The purpose of this paper was to study the vexing problem of defining financial exploitation. Advocates and practitioners in the field who have been battling financial exploitation are pleased to observe the increased attention that financial exploitation is receiving at all levels of society. With this increased attention, however, there has been a conflation of terms used to describe financial exploitation, resulting in some confusion about what constitutes financial exploitation.
Fully recognizing that definitions serve different functions, this paper identifies three main purposes of a definition and then describes the myriad ways financial exploitation has been defined in the research literature, by organizations, and in civil and criminal statutes.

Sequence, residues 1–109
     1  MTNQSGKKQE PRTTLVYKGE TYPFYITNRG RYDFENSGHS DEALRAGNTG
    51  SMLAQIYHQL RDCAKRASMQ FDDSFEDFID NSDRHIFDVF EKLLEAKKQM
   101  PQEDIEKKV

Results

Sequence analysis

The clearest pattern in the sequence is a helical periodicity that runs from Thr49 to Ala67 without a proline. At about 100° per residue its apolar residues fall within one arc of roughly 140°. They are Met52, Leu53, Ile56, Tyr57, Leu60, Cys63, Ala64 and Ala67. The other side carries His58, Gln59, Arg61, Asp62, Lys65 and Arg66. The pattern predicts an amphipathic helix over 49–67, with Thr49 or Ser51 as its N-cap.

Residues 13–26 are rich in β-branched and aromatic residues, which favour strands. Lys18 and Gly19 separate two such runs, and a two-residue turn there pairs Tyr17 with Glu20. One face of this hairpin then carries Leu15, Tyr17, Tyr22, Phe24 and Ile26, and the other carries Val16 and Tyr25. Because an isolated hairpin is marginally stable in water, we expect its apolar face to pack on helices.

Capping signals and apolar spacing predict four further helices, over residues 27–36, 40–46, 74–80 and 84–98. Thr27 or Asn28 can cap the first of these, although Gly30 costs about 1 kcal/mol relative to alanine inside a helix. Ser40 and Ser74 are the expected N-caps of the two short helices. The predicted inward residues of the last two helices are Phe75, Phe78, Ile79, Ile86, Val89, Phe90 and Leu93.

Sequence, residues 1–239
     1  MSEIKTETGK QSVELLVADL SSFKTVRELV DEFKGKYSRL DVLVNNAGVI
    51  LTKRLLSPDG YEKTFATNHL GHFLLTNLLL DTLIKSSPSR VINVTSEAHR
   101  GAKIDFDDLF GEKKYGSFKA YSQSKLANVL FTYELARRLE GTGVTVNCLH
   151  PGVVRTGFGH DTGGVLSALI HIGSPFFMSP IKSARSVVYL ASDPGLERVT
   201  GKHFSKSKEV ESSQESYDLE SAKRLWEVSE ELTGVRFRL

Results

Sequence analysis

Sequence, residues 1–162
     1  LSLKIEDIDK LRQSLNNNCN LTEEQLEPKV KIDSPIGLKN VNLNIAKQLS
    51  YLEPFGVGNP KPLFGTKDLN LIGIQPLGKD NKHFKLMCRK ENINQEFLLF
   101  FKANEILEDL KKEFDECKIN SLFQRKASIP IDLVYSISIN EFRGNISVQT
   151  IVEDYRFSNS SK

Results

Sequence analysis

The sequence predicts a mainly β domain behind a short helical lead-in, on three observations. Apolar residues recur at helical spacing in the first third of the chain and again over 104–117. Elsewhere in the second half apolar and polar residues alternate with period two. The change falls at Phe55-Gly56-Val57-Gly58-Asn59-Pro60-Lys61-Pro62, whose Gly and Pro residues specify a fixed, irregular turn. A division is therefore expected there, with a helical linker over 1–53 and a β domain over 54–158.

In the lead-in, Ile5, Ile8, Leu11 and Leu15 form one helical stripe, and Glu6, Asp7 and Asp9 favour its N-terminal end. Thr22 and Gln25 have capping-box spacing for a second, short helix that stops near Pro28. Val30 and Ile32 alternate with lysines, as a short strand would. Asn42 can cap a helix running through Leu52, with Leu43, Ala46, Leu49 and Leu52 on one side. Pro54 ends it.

Financial exploitation has been defined in multiple ways within and across categories. Furthermore, the definition has expanded over time. This paper proposes the need for greater definitional clarity around the concept of financial exploitation, and argues that at a minimum a distinction must be made between financial exploitation and financial fraud.
This is the first paper to comprehensively review the myriad ways in which financial exploitation has been defined in the literature, by organizations and within state civil and criminal statutes.
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